Palmasola Prison, Santa Cruz, Bolivia, is a modern-day Dante's Inferno. But instead of the Roman poet Virgil guiding visitors through this modern-day underworld, my passage is shepherded by a good man named Jacob.
When one thinks "Bolivian Prison," one might think 'barbarian.' But really, that word is so inadequate in this case.
Palmasola itself is a series of concentric rings of walls and barbed wire. In the center ring is a squalid slum where the prisoners--and their children--live, and into which guards venture only a few times a day when all of the prisoners stand for roll call. (Unless, of course, you are one of the hundreds who have enough money to bribe your way out of appearing for roll call.) In actual fact, the prison is completely run by a mafia of powerful prisoners. They charge the others for their cells, taxes on "imported" items and privileges, and extortion money. Those who cannot afford to pay for a cell sleep in the gutter. Food is a gulag-style gruel served once a day for those who lack the dinero to have their food brought in. This is my third day with Jacob, an American incarcerated in the hell that is Palmasola, for a crime he did not commit. I would call it purgatory, but the concept of purgatory implies a temporary stay. There is no such promise at Palmasola.
There are many Americans in foreign jails who have earned their way there. Jacob is not one of them. And few human beings, even those guilty of crimes, have "earned" Palmasola. Open sewers run through the streets (yes, streets), and the prison garbage dump shares a plot of land with the prison kitchen. Cocaine sales, prostitution and footbol games are all equally sanctioned and 'above board.' They also take place within 20 yards of each other. I saw all three of these recreational activities occur just today inside the prison. It occurred to me while strolling past the cocaine "store" yesterday with Jacob, that with cocaine in the prison selling at approximately 1/100 of the price of cocaine on the outside, users should just find a friend to start visiting. Prostitution is even more convenient. Prisoners at the female prison within the same walls pay 10 Bolivianos ($1.50) for entry into the men's side, and charge 30 Bolivianos ($4.37) for each "trick." Or you can pay more for any of the local professionals who come in from town. This is not only endorsed, but facilitated by the authorities who rule the prison. And who are those authorities? The prisoners with the most power, of course. And power is determined by money and/or violence.
That the prison is run by prisoners is not a figure of speech implicitly condemning an inefficient or corrupt system; it is a fact, of which the Bolivian government is proud. They have intentionally and officially ceded control of the interior of the prison to the prisoners. All the Bolivian guards do is essentially form a blockade around Palmasola so that no one escapes and only those things that the guards are paid to allow in are imported. Oh, and they drag out the bodies of the prisoners who are killed, usually on the average of on a month; and usually at the hands of the security prisoners.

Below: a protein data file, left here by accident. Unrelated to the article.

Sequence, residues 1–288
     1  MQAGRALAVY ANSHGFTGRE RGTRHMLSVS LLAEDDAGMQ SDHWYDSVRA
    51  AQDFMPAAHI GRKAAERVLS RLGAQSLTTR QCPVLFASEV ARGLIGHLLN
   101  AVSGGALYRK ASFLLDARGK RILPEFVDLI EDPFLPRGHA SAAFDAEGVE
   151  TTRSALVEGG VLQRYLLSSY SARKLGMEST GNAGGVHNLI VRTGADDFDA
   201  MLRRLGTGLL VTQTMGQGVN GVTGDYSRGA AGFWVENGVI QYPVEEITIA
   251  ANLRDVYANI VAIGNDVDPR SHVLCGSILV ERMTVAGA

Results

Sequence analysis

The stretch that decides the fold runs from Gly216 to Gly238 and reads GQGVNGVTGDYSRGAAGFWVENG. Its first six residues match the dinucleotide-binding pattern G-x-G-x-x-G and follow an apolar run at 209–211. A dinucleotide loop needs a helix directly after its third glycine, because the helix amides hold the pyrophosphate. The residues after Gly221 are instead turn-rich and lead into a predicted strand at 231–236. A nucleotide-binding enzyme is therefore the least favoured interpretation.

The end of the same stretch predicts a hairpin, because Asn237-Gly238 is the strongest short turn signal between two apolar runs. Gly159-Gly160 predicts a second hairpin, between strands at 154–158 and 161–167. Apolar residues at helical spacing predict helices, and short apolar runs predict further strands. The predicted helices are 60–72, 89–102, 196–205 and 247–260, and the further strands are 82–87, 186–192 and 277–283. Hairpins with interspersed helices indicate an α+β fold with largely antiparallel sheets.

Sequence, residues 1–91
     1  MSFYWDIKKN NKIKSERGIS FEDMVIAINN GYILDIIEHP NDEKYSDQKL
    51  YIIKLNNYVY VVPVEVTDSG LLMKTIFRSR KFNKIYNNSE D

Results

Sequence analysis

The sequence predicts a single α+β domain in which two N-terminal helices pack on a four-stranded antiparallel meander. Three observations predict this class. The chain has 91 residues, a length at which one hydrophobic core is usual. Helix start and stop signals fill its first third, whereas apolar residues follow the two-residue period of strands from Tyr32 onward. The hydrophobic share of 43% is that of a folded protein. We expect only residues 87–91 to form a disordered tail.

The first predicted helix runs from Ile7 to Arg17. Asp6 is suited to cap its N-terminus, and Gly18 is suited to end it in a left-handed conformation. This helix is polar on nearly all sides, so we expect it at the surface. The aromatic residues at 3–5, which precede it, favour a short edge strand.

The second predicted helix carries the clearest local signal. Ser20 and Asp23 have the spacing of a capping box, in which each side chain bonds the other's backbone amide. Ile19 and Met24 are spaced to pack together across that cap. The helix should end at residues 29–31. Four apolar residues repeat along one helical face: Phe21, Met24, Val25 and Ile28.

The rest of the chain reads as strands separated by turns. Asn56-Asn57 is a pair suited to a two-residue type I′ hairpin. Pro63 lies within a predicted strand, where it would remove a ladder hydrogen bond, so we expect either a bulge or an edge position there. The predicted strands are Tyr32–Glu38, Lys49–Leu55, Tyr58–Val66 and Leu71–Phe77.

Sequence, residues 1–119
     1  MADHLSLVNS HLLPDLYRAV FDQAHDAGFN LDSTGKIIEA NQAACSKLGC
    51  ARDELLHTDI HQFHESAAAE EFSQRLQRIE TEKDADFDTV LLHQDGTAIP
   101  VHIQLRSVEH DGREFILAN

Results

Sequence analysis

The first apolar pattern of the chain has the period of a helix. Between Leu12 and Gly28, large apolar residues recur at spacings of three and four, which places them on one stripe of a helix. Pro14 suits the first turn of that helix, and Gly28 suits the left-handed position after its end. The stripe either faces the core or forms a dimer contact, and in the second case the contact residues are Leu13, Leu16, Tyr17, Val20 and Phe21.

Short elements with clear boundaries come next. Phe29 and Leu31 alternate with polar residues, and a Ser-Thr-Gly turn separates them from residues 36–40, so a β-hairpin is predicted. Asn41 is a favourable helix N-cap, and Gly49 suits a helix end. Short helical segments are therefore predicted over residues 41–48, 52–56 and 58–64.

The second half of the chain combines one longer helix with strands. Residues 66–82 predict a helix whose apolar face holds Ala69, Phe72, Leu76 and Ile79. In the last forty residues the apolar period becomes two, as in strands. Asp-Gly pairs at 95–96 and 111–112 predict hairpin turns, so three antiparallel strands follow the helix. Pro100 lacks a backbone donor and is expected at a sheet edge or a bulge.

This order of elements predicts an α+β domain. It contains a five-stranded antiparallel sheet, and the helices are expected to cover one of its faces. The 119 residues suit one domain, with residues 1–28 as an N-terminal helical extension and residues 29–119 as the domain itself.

Members of the Disciplina Interna ("Internal Discipline," an appropriately chilling name) patrol the prison and enforce regulations, social convention and the power of the ruling prisoners. To be a member of the Interna Disciplina, you must of course be a prisoner and you must be sentenced to 30 years or more, which ensures that the very people who enforce "order" in the prison are those that committed the most heinous crimes. The huge person I paid to protect me, "Moso," is at least notionally one of the least violent ones; he only killed one woman. In reality, the Disciplina Interna are uniformed thugs who demand protection money from prisoners and visitors alike. Al Capone would be proud.
In the middle of this hell is Jacob Ostreicher, a grandfather from Brooklyn who made the mistake of trying to start a rice farm in Bolivia. Actually, the mistake was not so much starting the farm, the mistake was being successful. When you are successful in Bolivia, you have money. If you have money, you might not support the ruling socialist party. If you don't support the ruling socialist party, you might give your money to a party in opposition to the people in charge. Then you are a threat to Evo Morales, the megalomaniac in charge of Bolivia. When you are a threat to Evo, you go to Palmasola.
The prison is full of thieves and people more corrupt than you have likely experienced. And now I'm speaking of course, of the uniformed Bolivian guards who grant visitors access to the village of the damned. I have spent three days in this "prison" and each day, I have been robbed by guards who look me in the eye with a shameless "What are you going to do about it?" smirk as they took my money. Using a note written in Spanish that says that I do not speak their language (which I actually do), allowed me to hear the guards ridicule me, Americans and our culture. Entering the prison, visitors are branded with permanent ink stamps and 'Sharpie'-applied numbers. When I entered the first day, the guard told the line of Bolivians (in Spanish), "Instead of black ink, I'll use green for the gringo." Hilarity ensued.
Every night, I leave the prison promptly at 6:30 p.m. (the penalty for being late is spending the night in prison), suffering from a type of "survivor's guilt" . My guilt is from knowing that Jacob cannot leave, and that he is no more guilty of a crime than am I.
Tomorrow, I go back. But every day as I leave, I wonder why the United States has a State Department. And I wonder where they are--and if they suffer from survivor's guilt.